Denise Anne Duffield, my multi-award-winning website designer, editor and better half, pulls out all the stops in this redesign which now features a blog, posts with comments, an RSS feed, and easy ways to share articles with others via e-mail and social bookmarking sites.
Does the state toxic department’s $46 million Aerojet Chino Hills cleanup plan go far enough? Missing munitions, untested groundwater, depleted uranium issues and radiation possibly running off the Cold War-era weapons facility into the headwaters of the Santa Ana River are concerns.
Environmental investigations can take a lot of time and are arduous to research, write and produce. We call it “the slog.” There are times that are especially trying like getting Version 2 of EnviroReporter.com up and running properly. It’s just at times like these that kind words remind Denise Anne and I why we do what we do. And now that we are in our eleventh year reporting on the lab, it also reminded us never to take any complements too seriously.
Simi Valley’s Radiation Rangers uncover more than just contamination in Runkle Canyon – they’ve discovered that Runkle’s would-be developer KB Home promise to remove two giant mountains of slag material that are leaking pools of toxic sludge.
Cal-EPA’s Department of Toxic Substances Control holds public meeting in Chino Hills to detail 10-year effort to clean up 800-acre former munitions site. DTSC Open House today in Chino Hills. Unexploded ordnance and toxic chemicals was scoured from soil at the 14-acre “Open Burn/Open Detonation Unit”. Questions remain about Aerojet groundwater and lack of data.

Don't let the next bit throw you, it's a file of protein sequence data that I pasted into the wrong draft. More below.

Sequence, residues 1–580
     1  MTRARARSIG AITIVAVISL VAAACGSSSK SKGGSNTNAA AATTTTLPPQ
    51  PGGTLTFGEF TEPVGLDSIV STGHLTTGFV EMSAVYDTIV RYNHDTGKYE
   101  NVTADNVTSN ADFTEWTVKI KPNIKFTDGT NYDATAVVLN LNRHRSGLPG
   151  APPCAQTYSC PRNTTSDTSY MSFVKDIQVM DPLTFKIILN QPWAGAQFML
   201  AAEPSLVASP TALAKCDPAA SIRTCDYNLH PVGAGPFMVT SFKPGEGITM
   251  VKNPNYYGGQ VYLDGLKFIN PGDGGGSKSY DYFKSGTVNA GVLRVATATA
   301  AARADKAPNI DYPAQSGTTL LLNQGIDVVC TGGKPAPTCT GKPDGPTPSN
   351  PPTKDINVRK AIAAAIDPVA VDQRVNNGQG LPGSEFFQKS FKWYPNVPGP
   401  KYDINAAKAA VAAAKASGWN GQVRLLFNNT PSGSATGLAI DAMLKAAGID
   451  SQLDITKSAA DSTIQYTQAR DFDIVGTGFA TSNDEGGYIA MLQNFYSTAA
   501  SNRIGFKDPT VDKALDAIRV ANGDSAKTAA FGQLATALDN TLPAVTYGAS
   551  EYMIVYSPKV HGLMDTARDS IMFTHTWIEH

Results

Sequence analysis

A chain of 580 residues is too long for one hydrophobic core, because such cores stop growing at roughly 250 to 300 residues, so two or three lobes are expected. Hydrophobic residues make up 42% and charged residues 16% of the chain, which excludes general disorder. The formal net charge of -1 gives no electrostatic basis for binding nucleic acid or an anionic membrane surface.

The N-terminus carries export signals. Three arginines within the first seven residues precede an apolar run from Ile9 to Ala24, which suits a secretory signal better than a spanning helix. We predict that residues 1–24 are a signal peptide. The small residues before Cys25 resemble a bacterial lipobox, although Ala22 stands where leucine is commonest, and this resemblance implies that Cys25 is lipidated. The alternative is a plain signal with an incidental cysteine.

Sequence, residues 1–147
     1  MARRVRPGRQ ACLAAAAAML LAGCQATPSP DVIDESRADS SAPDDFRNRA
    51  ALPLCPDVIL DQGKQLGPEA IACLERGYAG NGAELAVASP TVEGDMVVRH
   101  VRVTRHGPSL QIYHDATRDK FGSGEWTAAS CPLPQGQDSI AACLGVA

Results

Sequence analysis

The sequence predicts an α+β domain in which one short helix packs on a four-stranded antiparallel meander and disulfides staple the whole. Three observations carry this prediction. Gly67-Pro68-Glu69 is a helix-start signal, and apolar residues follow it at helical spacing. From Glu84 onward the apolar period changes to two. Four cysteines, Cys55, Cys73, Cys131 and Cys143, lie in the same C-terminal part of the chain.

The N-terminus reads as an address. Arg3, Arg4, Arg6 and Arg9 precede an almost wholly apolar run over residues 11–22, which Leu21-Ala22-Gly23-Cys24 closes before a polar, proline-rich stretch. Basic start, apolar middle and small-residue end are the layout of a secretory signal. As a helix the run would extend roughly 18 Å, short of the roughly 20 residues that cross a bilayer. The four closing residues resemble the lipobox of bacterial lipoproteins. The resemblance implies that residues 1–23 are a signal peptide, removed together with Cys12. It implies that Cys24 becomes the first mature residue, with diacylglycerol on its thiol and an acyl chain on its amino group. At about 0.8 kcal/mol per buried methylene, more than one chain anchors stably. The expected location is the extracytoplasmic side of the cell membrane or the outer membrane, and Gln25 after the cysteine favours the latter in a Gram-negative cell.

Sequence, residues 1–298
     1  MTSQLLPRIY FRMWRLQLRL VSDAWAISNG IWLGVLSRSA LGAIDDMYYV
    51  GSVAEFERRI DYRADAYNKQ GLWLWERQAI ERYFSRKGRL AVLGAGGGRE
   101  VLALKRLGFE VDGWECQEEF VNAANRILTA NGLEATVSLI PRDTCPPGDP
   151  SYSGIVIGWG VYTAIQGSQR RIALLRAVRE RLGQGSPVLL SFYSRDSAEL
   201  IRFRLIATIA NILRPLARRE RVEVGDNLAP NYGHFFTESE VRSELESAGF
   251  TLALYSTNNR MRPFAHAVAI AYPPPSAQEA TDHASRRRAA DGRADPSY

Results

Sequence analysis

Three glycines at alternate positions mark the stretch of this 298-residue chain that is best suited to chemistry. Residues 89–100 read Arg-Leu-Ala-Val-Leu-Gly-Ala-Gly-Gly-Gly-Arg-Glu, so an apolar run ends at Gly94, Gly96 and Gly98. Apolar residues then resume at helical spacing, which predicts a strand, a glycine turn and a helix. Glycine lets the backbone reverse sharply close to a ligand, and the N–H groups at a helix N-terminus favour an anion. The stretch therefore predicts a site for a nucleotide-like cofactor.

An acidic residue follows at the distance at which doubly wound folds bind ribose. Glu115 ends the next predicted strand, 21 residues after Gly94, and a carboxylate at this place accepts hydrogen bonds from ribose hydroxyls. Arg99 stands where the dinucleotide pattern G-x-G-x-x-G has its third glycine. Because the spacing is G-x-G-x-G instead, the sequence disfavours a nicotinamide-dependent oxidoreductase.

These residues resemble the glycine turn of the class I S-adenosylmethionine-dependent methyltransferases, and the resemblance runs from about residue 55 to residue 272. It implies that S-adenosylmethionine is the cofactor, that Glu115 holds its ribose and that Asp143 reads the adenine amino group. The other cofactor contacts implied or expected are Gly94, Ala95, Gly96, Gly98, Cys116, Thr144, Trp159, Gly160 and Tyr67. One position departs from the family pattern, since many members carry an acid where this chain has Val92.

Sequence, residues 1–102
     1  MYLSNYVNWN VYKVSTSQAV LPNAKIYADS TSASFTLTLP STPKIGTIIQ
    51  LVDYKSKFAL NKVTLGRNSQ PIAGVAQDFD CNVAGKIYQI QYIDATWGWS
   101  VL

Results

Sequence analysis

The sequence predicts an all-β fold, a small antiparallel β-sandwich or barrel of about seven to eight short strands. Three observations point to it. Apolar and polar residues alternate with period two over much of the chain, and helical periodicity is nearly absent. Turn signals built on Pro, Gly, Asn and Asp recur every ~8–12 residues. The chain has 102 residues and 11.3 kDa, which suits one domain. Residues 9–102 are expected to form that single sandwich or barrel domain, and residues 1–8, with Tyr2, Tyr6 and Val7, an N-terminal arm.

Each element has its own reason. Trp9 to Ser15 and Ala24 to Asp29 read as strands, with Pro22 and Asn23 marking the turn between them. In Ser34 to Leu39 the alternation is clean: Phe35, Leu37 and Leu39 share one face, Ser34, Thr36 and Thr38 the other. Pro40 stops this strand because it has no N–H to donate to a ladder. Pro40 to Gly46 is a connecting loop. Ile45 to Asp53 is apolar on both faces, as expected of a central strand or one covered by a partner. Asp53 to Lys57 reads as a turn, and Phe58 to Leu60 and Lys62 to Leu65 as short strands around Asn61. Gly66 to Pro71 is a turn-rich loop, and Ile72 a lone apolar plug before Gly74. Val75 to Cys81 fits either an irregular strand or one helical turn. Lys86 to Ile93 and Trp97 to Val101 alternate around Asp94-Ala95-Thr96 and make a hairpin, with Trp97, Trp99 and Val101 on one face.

LA Department of City Planning rezones former aerospace and nuclear research site in west San Fernando Valley site to chagrin of residents. A February 26 vote codifies lower environmental standards for chemicals, radionuclides and heavy metals found at 81-acre property. Plan determines that no Environmental Impact Report is needed.
Historic meeting of the Department of Toxic Substances Control and citizens of the Simi and San Fernando valleys takes place January 28, 2009 in Simi Valley City Council Chambers. Committee to Bridge the Gap president, Dan Hirsch, rips Response Plan as “propoganda” and says 2004 Environmental Impact Report for Runkle Canyon, approved by City Council, was “fraudulent.”
In an historic move to maintain California’s control of the costly cleanup of the former Rocketdyne lab in the hills between the Simi and San Fernando valleys, Cal/EPA Secretary Linda Adams said late yesterday that the agency would oppose federal Superfund listing for the radiologically and chemically-polluted 2,850 acre site.